Two counselors at a residential youth treatment center in Draper where a 14-year-old boy died in June were charged Thursday in connection with the boy's death.

Deborah Cole and Jorge Ramirez, from Youth Care Inc., 12600 Minuteman Drive, each face one count of abuse or neglect of a child, a third-degree felony.

On June 27, Brendan Blum of California was suffering bowel and stomach problems. He had been vomiting and suffering from diarrhea all night, said Draper Police Sgt. Gerry Allred. Rather than contacting the on-call nurse as the facility's policy dictates, the boy was simply given some medicine and put in a separate room away from the rest of the boys, he said. The next morning, the boy, who was listed as a disabled child because he had Asperger's syndrome, was found dead on his mattress.

"There was no really good reason why they didn't take him ... no explanation except they just thought it was an upset stomach," Allred said.

An autopsy determined the boy had an obstructed bowel that deteriorated as the night went on, Allred said. The on-call nurse, who was later interviewed by police, said if she had been called to look at the boy she would have advised he immediately go to the hospital, he said.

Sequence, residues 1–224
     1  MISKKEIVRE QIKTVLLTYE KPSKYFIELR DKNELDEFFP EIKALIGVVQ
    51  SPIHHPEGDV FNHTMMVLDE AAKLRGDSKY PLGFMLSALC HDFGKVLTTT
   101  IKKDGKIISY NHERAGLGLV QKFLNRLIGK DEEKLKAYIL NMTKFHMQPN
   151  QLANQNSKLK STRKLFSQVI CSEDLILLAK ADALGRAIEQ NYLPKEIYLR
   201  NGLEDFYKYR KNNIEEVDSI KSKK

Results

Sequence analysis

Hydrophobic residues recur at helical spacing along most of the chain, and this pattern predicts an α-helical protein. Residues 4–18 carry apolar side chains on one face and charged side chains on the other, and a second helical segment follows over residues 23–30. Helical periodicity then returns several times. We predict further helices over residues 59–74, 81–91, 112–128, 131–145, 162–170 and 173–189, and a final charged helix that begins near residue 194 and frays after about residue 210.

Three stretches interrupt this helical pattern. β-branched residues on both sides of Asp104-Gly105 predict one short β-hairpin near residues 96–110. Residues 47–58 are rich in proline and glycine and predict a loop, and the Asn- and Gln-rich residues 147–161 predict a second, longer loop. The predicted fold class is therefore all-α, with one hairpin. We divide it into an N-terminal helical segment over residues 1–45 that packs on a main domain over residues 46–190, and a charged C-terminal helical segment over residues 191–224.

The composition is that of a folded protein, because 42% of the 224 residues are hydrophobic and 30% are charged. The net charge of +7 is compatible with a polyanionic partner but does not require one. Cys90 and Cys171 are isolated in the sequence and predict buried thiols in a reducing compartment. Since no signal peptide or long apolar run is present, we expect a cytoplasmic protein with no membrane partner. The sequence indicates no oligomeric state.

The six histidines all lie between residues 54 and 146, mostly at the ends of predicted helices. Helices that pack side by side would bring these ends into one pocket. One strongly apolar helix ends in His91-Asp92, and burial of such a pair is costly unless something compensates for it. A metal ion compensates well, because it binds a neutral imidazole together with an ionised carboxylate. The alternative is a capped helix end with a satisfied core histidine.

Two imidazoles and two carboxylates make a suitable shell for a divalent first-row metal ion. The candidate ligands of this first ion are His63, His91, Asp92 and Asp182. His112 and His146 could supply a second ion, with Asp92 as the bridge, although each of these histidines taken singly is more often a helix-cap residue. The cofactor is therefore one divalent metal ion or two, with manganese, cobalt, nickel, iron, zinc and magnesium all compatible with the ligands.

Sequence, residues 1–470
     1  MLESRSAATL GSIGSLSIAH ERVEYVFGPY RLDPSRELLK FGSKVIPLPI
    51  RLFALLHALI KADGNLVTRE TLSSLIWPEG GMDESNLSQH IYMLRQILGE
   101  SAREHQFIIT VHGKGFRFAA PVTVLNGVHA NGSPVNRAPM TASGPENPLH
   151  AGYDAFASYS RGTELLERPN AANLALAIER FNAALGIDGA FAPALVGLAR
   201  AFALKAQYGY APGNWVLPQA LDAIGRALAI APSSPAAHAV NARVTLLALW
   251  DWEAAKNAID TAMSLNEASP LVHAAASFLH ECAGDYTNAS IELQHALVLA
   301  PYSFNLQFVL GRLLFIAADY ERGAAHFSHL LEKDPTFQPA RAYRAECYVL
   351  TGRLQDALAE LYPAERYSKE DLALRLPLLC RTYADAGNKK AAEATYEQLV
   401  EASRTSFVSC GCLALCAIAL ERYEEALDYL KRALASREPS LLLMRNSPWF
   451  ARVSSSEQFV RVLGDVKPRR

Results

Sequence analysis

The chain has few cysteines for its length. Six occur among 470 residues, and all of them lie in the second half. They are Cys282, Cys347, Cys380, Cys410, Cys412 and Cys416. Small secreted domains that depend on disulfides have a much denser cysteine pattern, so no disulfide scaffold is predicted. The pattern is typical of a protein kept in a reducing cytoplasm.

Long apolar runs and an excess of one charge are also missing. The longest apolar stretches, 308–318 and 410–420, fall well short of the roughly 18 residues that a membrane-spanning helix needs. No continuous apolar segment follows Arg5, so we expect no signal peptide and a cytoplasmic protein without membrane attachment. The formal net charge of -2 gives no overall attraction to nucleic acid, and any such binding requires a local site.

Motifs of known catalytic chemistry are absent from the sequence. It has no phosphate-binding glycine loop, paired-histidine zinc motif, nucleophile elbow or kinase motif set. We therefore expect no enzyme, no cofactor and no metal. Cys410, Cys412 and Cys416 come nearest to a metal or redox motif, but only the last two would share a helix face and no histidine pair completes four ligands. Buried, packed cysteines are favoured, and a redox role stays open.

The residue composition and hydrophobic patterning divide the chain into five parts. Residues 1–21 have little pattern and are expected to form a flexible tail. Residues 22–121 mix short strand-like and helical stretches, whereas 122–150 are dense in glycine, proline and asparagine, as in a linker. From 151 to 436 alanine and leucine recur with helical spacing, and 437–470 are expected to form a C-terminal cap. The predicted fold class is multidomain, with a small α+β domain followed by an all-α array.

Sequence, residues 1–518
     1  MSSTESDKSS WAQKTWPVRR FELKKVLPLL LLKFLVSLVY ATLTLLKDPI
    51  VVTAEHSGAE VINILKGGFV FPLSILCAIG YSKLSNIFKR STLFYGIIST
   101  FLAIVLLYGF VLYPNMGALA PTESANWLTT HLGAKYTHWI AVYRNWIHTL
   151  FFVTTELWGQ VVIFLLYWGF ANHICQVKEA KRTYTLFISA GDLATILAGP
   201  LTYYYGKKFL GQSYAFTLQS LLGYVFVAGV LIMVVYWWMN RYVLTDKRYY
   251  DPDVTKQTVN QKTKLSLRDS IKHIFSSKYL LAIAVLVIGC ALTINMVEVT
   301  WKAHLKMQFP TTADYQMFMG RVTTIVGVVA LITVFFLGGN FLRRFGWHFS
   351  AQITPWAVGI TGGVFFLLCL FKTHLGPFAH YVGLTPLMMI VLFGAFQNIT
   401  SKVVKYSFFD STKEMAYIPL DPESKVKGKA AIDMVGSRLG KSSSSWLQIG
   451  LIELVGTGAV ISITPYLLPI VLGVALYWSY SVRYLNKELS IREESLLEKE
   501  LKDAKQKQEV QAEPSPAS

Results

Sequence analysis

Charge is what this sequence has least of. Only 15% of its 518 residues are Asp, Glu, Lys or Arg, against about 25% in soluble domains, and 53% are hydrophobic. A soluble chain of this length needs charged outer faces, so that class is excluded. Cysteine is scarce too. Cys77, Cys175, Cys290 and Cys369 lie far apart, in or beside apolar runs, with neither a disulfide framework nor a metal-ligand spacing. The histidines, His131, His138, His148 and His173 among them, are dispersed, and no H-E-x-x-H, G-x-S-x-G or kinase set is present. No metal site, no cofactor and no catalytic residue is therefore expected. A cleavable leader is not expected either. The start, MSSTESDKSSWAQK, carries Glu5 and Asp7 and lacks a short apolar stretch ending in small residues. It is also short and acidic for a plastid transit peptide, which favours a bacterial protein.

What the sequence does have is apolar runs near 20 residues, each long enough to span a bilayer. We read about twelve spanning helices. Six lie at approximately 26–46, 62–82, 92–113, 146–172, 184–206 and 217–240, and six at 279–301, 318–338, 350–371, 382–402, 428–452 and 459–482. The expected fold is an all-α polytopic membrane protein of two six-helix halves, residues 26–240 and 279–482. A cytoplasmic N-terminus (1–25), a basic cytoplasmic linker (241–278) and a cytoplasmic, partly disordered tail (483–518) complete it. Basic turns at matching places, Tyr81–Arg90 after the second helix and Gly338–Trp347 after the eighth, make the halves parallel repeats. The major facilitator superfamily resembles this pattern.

The Utah State Medical Examiner concurred, "if medical intervention had been obtained, (the boy's) death would have been preventable," according to court documents.

The boy's mother, Dana Blum, said she is appalled that workers at the facility didn't take him to an emergency room. Any time a child dies while in the care of a licensed facility, the facility should be shut down immediately, she said.

Blum has filed a complaint with the Utah licensing board and is waiting for the investigation to be completed.

She hopes the individuals who operated the facility will be held accountable along with the workers.

"I don't wish them any ill, I would just like to see justice done for my son," she said.

The facility issued a statement shortly after the boy's death saying it was the result of a "medical condition." The group home is operated by Aspen Education Group, based in Cerritos, Calif. It is a division of the CRC Health Group, which runs boarding schools, outdoor education programs and weight-loss camps.

Ironically, the charges came one day after the Government Accountability Office in Washington, D.C., found thousands of abuse allegations at camps and other private treatment facilities around the country.

Blum hopes the national attention will result in stricter standards and more accountability across the board.

Brendan was placed in the facility following treatment at a California hospital. Blum said she researched Youth Care Inc. extensively before sending her son there.

"This is double-edged sword for me," she said. "I am not a deadbeat mom."

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